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dc.contributor.authorSoares, FM
dc.contributor.authorPacagnella, RC
dc.contributor.authorTuncalp, O
dc.contributor.authorCecatti, JG
dc.contributor.authorVogel, JP
dc.contributor.authorTogoobaatar, G
dc.contributor.authorSouza, JP
dc.date.accessioned2020-12-09T22:15:08Z
dc.date.available2020-12-09T22:15:08Z
dc.date.issued2020-09-01
dc.identifier.citationSoares, F. M., Pacagnella, R. C., Tuncalp, O., Cecatti, J. G., Vogel, J. P., Togoobaatar, G. & Souza, J. P. (2020). Provision of intensive care to severely ill pregnant women is associated with reduced mortality: Results from the WHO Multicountry Survey on Maternal and Newborn Health. INTERNATIONAL JOURNAL OF GYNECOLOGY & OBSTETRICS, 150 (3), pp.346-353. https://doi.org/10.1002/ijgo.13241.
dc.identifier.issn0020-7292
dc.identifier.urihttp://hdl.handle.net/11343/252902
dc.description.abstractOBJECTIVE: To estimate the impact of the use of Intensive Care Units (ICU) in maternal mortality. METHODS: A secondary analysis of the WHO Multicountry Survey on Maternal and Newborn Health, a multicenter cross-sectional study conducted in maternity hospitals in 29 countries. Women who had severe maternal outcome (maternal death or maternal near-miss) and the availability and use of ICU beds were included. The women were categorized according to availability of ICU, and multivariate logistic regression analyses were performed to determine the risk of maternal death. To rate the severity of complications, the Maternal Severity Score (MSS) and the Maternal Severity Index (MSI) were used. RESULTS: Of 314 623 women observed, 24 396 had severe complications. Of those, 16 981 (69.6%) were in facilities with ICUs; 1573 women were admitted to ICUs (6.4% of women with maternal complications and 0.5% of total). There is a significant protective effect for maternal mortality for patients with more severe conditions using ICUs (odds ratio 0.16, 95% confidence interval 0.07-0.33). CONCLUSION: The use of ICU was associated with significantly reduced odds of maternal death in obstetric patients with severe clinical conditions. The availability and appropriate use of good-quality ICUs are therefore crucial to reduce maternal mortality.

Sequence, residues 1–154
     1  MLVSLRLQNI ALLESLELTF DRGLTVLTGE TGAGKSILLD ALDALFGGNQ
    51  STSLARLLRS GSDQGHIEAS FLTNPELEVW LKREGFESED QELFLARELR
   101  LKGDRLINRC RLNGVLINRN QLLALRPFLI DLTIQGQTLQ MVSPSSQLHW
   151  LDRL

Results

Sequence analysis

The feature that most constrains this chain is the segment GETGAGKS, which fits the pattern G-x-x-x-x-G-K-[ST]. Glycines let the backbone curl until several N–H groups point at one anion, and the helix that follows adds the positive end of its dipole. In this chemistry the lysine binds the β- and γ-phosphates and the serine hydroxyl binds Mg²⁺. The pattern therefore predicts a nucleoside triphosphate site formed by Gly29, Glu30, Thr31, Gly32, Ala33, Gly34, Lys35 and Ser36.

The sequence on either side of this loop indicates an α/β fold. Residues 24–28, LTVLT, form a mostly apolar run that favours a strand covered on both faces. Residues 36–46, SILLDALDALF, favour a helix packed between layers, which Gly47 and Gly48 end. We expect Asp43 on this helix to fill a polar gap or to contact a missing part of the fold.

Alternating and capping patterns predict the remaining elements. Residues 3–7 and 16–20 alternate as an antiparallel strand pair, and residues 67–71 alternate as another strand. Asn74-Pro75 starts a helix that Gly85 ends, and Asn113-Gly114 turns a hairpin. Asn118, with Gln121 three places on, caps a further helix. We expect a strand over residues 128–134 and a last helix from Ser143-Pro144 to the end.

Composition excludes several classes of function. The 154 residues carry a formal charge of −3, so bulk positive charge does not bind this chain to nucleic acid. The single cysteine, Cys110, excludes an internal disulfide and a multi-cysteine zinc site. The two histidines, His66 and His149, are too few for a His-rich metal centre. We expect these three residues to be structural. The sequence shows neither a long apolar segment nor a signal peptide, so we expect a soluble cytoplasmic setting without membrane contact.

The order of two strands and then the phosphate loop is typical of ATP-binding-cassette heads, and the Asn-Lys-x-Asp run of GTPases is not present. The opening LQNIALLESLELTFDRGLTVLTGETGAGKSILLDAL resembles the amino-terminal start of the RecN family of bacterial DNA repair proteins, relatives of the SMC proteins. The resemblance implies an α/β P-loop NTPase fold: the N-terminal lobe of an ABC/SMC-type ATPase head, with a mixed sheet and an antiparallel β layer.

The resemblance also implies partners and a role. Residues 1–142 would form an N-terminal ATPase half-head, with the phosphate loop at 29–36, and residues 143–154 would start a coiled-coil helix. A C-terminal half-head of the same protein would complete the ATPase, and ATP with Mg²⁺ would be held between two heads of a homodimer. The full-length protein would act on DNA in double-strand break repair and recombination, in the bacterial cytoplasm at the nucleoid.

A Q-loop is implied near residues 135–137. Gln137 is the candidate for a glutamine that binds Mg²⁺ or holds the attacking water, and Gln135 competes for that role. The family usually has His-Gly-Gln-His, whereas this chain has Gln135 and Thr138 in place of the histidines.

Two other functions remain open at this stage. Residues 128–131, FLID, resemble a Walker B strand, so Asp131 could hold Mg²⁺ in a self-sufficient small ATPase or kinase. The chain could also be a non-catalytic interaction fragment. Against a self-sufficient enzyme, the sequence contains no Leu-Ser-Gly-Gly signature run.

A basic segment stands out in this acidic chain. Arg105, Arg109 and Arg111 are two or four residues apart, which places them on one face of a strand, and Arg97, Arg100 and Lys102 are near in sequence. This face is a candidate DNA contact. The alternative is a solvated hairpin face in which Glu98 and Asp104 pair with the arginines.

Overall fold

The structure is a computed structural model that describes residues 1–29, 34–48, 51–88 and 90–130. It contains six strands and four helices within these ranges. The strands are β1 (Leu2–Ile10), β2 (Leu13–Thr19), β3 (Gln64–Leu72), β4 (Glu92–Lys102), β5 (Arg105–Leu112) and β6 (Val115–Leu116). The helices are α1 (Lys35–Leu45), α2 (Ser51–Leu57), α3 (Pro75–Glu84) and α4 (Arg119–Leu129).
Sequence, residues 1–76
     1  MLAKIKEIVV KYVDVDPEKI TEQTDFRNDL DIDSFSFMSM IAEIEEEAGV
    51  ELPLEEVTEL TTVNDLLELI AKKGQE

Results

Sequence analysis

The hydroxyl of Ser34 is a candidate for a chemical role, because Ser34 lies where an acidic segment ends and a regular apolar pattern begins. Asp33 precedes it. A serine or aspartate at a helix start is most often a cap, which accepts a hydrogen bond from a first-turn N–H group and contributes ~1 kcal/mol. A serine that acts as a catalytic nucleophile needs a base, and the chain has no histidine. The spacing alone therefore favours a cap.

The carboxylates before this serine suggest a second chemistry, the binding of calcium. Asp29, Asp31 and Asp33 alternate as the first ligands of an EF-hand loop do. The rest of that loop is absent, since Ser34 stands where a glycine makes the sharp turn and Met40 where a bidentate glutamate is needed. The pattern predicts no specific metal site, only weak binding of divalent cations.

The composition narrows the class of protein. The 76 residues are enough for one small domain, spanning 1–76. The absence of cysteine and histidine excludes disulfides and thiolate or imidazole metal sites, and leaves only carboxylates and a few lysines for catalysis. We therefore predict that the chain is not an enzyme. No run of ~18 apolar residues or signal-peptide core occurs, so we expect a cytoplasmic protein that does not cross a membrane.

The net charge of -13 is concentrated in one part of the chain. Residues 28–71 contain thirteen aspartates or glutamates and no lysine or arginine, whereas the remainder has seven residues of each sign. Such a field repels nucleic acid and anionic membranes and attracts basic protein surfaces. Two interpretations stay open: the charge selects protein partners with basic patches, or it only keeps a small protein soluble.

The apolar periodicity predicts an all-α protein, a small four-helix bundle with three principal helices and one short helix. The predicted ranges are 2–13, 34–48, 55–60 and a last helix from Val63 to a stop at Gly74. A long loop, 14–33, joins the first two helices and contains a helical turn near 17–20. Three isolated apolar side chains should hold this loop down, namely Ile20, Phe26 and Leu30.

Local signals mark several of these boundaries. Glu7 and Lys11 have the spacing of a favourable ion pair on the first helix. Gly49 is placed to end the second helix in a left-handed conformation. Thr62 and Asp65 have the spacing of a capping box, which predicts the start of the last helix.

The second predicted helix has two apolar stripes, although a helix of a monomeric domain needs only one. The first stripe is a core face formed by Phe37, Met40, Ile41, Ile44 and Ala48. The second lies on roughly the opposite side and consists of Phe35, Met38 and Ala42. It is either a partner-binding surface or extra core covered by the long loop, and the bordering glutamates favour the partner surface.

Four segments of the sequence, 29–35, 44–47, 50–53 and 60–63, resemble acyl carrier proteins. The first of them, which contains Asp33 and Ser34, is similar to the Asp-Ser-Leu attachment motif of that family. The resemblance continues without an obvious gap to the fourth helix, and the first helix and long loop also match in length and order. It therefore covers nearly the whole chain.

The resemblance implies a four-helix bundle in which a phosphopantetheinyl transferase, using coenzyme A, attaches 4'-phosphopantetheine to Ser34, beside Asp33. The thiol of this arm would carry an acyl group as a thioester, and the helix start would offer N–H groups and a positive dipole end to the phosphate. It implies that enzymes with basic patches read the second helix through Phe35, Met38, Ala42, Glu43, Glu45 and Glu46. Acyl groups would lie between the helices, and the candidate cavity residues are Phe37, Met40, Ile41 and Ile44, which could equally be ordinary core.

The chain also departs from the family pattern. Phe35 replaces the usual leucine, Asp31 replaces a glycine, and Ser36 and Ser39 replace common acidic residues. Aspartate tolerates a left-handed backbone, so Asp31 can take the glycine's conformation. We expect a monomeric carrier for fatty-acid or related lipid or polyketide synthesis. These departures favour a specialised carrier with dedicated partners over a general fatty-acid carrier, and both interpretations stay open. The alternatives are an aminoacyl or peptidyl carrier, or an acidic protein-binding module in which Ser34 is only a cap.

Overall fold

dc.languageEnglish
dc.publisherWILEY
dc.rights.urihttps://creativecommons.org/licenses/by/4.0
dc.titleProvision of intensive care to severely ill pregnant women is associated with reduced mortality: Results from the WHO Multicountry Survey on Maternal and Newborn Health
dc.typeJournal Article
dc.identifier.doi10.1002/ijgo.13241
melbourne.affiliation.departmentMelbourne School of Population and Global Health
melbourne.source.titleInternational Journal of Gynecology and Obstetrics
melbourne.source.volume150
melbourne.source.issue3
melbourne.source.pages346-353
dc.rights.licenseCC BY
melbourne.elementsid1458186
melbourne.contributor.authorVogel, Joshua
dc.identifier.eissn1879-3479
melbourne.accessrightsOpen Access


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